Woolrich, Feshareki, Davies, Adès, Messiaen : London Sinfonietta, Kings Place, London 1.7.2011 (GDn)
John Woolrich: The Night will not draw on
Shiva Feshareki: departing in peace, arriving with love world premiere
Tansy Davies: Tymbal Organ world premiere
John Woolrich :A Presence of Departed Acts
Thomas Adès: Court Studies from The Tempest
Olivier Messiaen: Quartor pour la fin du temps
Most new music concerts seem obsessed with ideas of beginnings and of new directions. How refreshing, then, to meet a programme dedicated to the exact opposite, to ideas of departure and conclusion. And despite the Quartet for the End of Time dominating the evening, the whole programme was impressively balanced and coherent.
The evening was curated by John Woolrich, and the concert opened with his The Night will not draw on. This piano trio is filled with everything that is best about Woolrich’s music. The ideas are strong and clearly presented, force is used, but never for its own sake, and the form is direct but never to the point of pedantry. The work was commissioned to commemorate the bicentenary of Haydn’s death, but beyond the instrumentation it is difficult to think of any connections with Haydn’s work. But no matter, it is a fine piece in its own right, and an impressive example of how a traditional instrumental grouping can be reinvigorated without worrying unduly about the weight of history behind it.
arriving in peace, departing in love was a late addition to the programme from Shiva Feshareki, a young composer who has been participating on a London Sinfonietta education programme. On the evidence of this short but accomplished work for solo clarinet, no further education is necessary. Her knowledge of the clarinet is impressive in itself, and while none of the extended techniques are new, the way that they are integrated into the substance of the music is impressive. So for example, she will include Gershwin-esque glissandos, but then she will write whole phrases with the player sliding around the individual registers. Growls from the throat play a big part in the music, and again, the way that they seem so integrated into the ideas really focusses the work. The form is either obscure or non-existent, but that hardly matters when the relationships between the various timbres can hold the work together.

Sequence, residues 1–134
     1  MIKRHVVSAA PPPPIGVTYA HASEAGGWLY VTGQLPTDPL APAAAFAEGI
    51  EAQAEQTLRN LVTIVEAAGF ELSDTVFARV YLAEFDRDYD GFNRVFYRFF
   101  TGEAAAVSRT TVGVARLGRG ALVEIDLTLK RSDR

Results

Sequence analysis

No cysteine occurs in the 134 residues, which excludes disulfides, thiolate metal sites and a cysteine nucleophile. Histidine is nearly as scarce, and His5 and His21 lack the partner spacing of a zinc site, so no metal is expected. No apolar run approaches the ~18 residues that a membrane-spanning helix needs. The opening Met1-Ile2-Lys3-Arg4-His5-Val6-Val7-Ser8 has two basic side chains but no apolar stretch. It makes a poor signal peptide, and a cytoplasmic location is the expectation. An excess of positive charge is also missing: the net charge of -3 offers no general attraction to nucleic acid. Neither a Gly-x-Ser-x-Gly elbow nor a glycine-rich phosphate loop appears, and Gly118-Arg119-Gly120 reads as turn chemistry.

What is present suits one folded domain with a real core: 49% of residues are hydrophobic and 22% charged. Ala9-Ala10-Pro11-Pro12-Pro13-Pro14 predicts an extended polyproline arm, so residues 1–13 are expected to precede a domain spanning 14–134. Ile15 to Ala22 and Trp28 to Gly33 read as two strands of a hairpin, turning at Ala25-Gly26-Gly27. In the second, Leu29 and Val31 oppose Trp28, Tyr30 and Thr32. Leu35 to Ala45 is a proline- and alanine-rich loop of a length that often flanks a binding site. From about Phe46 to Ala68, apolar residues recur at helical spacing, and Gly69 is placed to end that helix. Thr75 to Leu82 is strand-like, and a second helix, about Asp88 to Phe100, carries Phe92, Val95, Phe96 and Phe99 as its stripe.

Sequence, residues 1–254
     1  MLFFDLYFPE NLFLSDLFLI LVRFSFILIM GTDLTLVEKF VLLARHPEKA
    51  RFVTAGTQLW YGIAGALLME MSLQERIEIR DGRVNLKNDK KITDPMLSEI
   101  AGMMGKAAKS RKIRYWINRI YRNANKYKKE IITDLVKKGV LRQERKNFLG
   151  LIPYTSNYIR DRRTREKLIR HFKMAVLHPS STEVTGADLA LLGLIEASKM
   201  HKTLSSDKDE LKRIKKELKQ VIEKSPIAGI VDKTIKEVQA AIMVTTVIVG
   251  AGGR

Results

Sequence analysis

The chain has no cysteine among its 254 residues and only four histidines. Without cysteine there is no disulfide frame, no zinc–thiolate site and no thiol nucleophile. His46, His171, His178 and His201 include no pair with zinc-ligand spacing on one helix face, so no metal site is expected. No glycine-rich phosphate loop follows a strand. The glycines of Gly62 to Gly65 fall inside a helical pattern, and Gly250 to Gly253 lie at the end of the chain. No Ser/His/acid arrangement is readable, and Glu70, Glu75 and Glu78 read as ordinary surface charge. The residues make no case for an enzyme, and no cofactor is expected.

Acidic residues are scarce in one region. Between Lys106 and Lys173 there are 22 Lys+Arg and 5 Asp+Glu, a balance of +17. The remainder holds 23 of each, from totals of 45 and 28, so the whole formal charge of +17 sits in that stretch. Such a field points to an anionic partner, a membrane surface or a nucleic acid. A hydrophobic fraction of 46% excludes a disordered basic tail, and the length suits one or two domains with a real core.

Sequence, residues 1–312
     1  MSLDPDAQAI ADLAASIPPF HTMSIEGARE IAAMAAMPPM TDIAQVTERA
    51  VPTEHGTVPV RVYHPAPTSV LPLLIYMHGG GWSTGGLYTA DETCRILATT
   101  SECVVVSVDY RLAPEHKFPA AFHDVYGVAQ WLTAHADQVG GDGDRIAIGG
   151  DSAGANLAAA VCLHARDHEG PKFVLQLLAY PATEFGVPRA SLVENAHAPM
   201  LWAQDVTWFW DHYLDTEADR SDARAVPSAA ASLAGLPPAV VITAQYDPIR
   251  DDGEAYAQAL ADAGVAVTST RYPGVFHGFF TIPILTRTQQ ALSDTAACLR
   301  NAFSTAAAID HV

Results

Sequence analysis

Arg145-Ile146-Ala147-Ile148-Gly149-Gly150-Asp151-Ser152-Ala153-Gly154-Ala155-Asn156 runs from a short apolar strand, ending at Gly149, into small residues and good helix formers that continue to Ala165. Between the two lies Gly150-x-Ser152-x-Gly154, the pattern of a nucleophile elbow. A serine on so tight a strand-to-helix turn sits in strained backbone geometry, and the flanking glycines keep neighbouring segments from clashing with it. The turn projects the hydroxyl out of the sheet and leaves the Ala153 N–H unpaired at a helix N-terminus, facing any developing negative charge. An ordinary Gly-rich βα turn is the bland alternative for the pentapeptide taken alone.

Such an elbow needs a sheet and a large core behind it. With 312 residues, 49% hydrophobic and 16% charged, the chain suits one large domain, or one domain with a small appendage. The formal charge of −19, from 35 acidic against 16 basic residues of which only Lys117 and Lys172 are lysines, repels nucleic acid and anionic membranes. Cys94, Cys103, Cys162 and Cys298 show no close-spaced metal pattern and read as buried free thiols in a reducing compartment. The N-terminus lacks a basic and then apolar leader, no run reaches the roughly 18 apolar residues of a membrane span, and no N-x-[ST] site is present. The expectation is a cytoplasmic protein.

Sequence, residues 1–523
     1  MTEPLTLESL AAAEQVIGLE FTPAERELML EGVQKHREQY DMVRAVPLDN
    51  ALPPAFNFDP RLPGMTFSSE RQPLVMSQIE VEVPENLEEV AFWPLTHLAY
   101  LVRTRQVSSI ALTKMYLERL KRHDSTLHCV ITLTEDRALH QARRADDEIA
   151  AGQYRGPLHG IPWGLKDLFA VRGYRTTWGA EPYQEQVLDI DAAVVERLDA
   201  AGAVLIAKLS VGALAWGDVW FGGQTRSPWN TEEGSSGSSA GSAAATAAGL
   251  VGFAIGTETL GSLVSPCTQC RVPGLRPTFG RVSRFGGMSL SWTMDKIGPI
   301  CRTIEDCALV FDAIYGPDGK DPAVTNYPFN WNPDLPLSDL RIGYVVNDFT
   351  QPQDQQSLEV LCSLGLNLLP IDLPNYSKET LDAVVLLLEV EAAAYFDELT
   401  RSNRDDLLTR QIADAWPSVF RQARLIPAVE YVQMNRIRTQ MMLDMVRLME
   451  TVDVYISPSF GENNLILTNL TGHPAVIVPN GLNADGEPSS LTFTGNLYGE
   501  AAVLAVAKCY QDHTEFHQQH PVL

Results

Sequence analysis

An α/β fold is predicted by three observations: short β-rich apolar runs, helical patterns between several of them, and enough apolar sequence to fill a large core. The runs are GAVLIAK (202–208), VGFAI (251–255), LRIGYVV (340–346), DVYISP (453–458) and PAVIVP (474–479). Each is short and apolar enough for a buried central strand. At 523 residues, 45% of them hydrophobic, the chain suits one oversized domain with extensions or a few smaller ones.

The other première in the programme was Tymbal Organ by Tansy Davies. I was less impressed with this one, although it essentially did the same things as Feshareki’s work. Davies writes for violin and cello, and there are some interesting effects in there, like a cello glissando involving all four fingers on the same string to create microtonal shifts as the fingers go up and down within the broader context of the glissando. Considering how difficult it is to describe this effect, I dread to think how it is notated. There is a lot of tapping on the body of the instruments, which becomes interesting when it happens in rhythmic unison with bowed notes on the other. In general, the textures are heterophonic, occasionally based on fragile unisons, but more often with one player leading the other through the sequences of notes and textures.
Thomas Ades really showed his compatriots how it is done with his Court Studies for ‘The Tempest’. These short vignettes, conveniently scored for the same ensemble as the Messiaen, are apparently freely adapted from the opera, and they certainly feel like they have been drawn from a broader soundscape. Like Messiaen, Ades is able to not only transcend, but completely ignore the apparent restrictions of musical scope imposed by the use of just four instruments. There are shades of Britten here, more in the mood than in the actual rhythmic of harmonic language. Or perhaps Britten is simply invoked by the sheer mastery of instrumentation and colour that Ades, despite his youth, is able to draw on.
Quartet for the End of Time is one of the few ‘Modern’ works to be regularly performed by core-repertoire ensembles. With that in mind, it was very interesting to hear it played by new music specialists. These players know their Andriessen and they know Gorecki, so they know how to turn things up to 11. The dogged intensity that persists through many of the movements was impressively conveyed, and it really filled the resonant space of the Kings Place hall. There was emotion here too, but not a hint of sentimentality. It was a crisp and precise performance, but never cold or calculated. In fact, the whole concert was impressively played. Only four players where involved, and virtuoso feats were expected of all at one point or another. But nothing fazed them, and we were treated to an evening of close to ideal performances.